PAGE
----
Avenues That the Court Left Open for ATS Litigation
Whether the Supreme Court was right or wrong in Kiobel is now water under the bridge. The question going forward is what Kiobel means in practice. And the answer is that it leaves open a number of possible avenues for human rights litigation in the U.S. courts by non-citizens seeking relief against foreigners for acts committed on foreign soil.
A number of scholars have suggested that failed states, in which there is no effective sovereign, may fall outside of the presumption against extraterritoriality for the same reason that the majority thought that piracy on the high seas falls outside of the presumption. In a failed state, there is no sovereign authority to displace.
Moreover, the Kiobel opinion itself points to another set of avenues of redress. The Court only addresses the question of what causes of action the courts are authorized to recognize pursuant to the ATS. But the majority opinion acknowledges that other statutes expressly permit litigation against foreigners in U.S. courts for acts committed in foreign lands against other foreigners. That opinion cites the Torture Victim Protection Act, which provides for civil liability in such cases, as well as other provisions of law that allow for civil and criminal litigation for extraterritorial torture, genocide and extrajudicial killing.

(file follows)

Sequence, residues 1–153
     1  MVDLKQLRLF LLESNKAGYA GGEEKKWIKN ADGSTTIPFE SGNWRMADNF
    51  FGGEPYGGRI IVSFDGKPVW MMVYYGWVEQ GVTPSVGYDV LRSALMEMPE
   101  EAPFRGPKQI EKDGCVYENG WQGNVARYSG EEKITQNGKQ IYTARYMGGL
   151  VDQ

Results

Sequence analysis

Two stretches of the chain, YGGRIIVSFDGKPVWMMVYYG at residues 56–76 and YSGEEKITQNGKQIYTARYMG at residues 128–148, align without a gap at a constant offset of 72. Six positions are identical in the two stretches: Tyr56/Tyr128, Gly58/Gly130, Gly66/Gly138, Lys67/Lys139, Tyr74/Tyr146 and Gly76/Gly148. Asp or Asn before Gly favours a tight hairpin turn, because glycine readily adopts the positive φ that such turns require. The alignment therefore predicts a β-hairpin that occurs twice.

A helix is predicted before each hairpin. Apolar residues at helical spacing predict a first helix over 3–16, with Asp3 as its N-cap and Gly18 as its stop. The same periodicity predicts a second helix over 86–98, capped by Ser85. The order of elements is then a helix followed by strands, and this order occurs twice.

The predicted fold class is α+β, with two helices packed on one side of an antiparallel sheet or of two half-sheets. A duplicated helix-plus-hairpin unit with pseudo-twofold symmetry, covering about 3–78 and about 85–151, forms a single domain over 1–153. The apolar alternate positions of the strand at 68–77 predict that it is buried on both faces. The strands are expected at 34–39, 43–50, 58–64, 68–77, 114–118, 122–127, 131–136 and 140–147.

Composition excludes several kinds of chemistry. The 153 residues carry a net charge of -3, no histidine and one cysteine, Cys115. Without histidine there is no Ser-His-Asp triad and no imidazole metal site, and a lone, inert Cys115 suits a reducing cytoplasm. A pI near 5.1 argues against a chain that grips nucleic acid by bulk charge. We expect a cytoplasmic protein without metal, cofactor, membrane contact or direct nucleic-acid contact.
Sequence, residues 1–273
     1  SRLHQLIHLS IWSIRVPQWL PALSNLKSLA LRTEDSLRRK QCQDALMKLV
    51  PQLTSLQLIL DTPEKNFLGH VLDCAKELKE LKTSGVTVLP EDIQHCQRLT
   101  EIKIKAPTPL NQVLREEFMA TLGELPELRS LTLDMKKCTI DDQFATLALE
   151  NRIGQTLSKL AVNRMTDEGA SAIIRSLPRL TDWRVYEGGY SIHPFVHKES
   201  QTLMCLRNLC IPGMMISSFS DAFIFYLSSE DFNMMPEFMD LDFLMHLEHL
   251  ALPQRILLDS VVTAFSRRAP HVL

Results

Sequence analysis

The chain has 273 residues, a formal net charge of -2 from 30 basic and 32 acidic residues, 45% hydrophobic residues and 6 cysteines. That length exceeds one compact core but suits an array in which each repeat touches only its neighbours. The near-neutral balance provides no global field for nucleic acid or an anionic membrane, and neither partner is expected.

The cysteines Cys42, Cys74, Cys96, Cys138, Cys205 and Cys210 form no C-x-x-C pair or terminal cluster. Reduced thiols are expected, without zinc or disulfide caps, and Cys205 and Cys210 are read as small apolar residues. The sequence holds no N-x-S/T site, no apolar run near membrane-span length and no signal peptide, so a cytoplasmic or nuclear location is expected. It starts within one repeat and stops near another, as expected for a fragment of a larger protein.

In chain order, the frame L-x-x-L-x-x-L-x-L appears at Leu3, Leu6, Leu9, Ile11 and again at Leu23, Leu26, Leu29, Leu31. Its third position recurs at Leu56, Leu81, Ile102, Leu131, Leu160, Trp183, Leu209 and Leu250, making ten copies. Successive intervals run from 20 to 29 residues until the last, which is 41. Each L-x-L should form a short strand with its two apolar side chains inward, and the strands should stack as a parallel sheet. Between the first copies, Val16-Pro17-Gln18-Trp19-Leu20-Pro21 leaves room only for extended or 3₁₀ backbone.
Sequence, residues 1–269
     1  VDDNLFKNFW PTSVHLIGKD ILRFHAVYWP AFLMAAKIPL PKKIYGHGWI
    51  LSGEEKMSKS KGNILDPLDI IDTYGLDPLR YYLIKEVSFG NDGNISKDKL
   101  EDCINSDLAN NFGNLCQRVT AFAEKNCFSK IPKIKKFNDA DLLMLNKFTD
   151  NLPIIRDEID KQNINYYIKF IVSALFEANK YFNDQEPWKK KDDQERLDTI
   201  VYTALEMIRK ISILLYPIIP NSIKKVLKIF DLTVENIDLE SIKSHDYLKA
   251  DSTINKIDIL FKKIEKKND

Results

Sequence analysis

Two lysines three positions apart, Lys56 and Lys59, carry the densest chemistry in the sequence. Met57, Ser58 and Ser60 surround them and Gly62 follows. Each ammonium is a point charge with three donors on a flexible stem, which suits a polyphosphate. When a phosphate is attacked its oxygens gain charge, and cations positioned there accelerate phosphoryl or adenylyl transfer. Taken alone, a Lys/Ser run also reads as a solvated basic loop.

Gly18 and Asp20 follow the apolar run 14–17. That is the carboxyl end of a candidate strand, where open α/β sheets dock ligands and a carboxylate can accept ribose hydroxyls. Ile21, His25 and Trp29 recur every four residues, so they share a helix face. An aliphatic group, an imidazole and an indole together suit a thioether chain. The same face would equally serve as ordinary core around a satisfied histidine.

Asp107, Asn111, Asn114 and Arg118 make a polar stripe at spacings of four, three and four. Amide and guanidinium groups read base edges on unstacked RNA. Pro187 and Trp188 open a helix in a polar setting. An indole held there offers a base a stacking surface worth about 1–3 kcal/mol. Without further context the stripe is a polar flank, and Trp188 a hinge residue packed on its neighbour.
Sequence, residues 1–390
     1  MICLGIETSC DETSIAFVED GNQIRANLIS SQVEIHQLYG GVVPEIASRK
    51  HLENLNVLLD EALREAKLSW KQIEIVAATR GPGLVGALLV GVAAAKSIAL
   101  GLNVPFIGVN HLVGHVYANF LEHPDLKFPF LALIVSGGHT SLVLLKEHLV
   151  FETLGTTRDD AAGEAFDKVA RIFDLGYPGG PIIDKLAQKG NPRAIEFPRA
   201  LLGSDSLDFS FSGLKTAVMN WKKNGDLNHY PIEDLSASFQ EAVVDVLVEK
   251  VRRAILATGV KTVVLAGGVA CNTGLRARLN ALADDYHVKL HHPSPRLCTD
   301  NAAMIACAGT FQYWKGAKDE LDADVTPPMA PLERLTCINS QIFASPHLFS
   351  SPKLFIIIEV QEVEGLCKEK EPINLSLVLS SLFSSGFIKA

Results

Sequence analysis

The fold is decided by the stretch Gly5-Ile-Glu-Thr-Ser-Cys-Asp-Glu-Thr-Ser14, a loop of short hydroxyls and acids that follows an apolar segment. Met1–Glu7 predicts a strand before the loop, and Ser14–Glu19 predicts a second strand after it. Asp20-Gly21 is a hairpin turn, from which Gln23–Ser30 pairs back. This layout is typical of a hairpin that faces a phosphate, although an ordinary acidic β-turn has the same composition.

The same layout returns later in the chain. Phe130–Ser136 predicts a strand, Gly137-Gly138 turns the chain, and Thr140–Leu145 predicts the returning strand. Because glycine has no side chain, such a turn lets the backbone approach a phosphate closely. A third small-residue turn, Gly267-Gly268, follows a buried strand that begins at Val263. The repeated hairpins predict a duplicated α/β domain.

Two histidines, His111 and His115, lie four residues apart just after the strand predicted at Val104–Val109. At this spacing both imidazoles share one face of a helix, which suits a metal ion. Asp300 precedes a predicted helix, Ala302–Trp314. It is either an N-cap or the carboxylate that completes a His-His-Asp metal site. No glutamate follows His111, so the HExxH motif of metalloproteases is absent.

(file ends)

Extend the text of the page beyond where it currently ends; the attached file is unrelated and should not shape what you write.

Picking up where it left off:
Moreover, even in cases brought under the ATS alone, without reliance on any other statute, there may be some remaining scope for extraterritorial application. Justice Anthony Kennedy, whose vote was necessary to make a majority in Kiobel, stated in a concurrence that he read the lead opinion as leaving open questions about “the proper implementation of the presumption against extraterritorial application.”
It is not entirely clear what questions Justice Kennedy believes have been left open, but one possibility is that he reads the majority opinion as only applying to a case like Kiobel itself, in which the defendants are foreigners. Perhaps he would not apply the presumption against extraterritoriality in a case like Sosa, in which the underlying events occurred in Mexico but the United States itself and U.S. citizens were among the defendants. More generally, Justice Kennedy might read Kiobel as inapplicable to cases in which there is a more substantial U.S. interest. Reading the majority in that way would substantially narrow the gap between the lead opinion and the more expansive view of the ATS proposed by Justice Breyer.
Is that a plausible reading of the majority opinion? Maybe. The Chief Justice states that when the relevant conduct takes place outside of the United States, it must “touch and concern the territory of the United States . . . with sufficient force to displace the presumption against extraterritorial application.” In yet another concurrence, Justice Alito (joined by Justice Thomas) says that he would squarely hold that the presumption against extraterritoriality can only be overcome where the domestic conduct itself violates the international law norm. Chief Justice Roberts does not say in Kiobel whether he agrees with the more stringent approach of Justice Alito or the potentially more permissive one of Justice Kennedy.
Whether the Court reads Kiobel as substantially narrowing the ATS thus remains to be seen. It appears that the ATS is not merely a legal Lohengrin but also a legal Odysseus. No one knows whence it came nor, for the time being, where it is going.